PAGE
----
Ashkenazi communities and their migrations.
A single row of wooden benches is all that remains of the bygone congregation founded in 1894, only to close by the 1960s, awaiting its contemporary revitalization as a cultural center beloved by the children of its former members. Under a six-pointed star of window glass stained with effulgent hues of purple, blue, green, red, yellow and white, an antique candleholder is permanently displayed inside the now-empty ark of scrolls, evoking the spirit of remembrance.
An exhibition to remember
Outside the Jewish Museum of Turkey, which is decidedly Sephardic in orientation, Schneidertempel is exhibiting one of the most comprehensive histories of Turkish-Ashkenazi life ever assembled. In from the entranceway, rows of sepia-toned and black-and-white photographs revitalize the presence of Turkey's Yiddish-speaking Jews. Their children are in suits and dresses. Norbert Liberman smiles at his 13th birthday party, before his bar-mitzvah.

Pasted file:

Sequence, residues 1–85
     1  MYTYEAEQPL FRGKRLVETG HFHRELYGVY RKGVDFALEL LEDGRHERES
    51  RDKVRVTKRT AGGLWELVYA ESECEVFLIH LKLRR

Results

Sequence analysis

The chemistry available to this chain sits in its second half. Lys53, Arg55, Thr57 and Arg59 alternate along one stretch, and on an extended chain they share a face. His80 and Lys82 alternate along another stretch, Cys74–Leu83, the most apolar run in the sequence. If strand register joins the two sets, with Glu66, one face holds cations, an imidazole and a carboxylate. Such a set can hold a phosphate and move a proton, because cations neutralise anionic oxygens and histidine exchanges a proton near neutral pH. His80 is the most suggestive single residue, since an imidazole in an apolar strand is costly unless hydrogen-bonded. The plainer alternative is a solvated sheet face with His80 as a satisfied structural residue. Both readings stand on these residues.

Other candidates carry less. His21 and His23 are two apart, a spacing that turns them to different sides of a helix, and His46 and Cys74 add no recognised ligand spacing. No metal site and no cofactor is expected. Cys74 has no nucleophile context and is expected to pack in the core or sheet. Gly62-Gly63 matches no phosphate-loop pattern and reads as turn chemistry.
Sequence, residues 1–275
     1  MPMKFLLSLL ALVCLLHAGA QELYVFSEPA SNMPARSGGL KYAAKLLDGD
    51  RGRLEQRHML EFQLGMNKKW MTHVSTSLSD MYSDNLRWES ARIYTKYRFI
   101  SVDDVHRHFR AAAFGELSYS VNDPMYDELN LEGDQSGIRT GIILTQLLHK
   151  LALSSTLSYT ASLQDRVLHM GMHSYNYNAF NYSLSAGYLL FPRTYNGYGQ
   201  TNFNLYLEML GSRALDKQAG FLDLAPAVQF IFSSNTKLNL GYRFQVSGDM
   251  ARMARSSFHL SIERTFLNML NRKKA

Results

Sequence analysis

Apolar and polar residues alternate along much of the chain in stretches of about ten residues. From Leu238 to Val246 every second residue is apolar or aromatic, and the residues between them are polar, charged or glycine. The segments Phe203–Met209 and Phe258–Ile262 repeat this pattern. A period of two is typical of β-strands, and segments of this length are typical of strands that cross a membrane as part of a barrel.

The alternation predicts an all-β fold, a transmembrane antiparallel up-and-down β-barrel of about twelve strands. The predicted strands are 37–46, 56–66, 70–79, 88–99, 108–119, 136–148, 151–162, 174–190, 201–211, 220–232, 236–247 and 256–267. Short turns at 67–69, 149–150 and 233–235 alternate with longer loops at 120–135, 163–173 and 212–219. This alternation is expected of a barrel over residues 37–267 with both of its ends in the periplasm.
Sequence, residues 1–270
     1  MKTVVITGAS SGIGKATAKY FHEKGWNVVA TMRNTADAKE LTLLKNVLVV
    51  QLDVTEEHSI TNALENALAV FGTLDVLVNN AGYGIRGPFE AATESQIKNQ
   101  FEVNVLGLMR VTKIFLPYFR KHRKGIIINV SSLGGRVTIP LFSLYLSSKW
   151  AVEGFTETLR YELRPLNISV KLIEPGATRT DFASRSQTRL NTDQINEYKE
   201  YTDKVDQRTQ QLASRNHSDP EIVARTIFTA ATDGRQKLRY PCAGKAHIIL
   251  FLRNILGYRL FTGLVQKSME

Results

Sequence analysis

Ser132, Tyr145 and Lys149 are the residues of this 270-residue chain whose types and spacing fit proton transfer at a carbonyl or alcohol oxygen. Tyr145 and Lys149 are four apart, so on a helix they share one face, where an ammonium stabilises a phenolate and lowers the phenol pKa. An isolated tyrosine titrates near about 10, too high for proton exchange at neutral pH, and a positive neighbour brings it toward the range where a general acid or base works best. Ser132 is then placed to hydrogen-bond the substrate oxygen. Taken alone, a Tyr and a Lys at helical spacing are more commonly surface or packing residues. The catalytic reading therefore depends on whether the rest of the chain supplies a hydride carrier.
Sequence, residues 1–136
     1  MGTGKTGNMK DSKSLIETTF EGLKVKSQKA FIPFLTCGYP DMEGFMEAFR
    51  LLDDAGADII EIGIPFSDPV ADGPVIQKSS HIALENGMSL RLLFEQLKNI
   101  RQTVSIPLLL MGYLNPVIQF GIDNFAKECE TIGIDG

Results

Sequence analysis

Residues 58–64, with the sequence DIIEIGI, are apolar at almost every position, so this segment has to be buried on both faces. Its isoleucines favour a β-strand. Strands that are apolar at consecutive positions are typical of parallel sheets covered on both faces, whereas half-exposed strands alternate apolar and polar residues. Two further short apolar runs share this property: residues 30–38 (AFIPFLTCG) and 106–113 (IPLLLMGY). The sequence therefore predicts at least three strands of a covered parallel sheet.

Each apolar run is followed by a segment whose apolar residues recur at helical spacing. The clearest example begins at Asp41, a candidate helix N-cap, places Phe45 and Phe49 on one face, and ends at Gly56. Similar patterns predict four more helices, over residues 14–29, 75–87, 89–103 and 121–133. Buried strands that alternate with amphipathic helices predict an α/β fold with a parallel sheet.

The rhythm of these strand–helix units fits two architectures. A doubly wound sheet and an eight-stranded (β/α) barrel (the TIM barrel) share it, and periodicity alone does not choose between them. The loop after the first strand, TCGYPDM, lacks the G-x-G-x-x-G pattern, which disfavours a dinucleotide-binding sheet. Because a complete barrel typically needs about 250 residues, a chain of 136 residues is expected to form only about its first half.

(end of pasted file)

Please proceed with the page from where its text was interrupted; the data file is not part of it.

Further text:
A picture shot in a studio in Pera shows the young family of Fritz J. Rozental seated, straight-faced, with two boys in sailor's outfits, and a daughter, around three years of age with a flower tied around her arm. Their faces are clear and expressive, the moment captured. All of history is reduced to an instant. Rows of children are lined by height on Kalamış, a summery sailing port in Istanbul facing the Sea of Marmara. It is 1927, as the Bornstein's make merry.
The album of the Bornstein family is remarkably revealing of the spirit of the age, during the heady interwar era after the struggle for world peace had been fought, and women were gaining freedoms, as were artists, thinkers and statesmen. Turkey was growing up. The children accompanied their joyful adults around a movable theater booth for Karagöz shadow puppetry. Three women in the photo look entirely liberated by the Roaring 20s, dressed fashionably.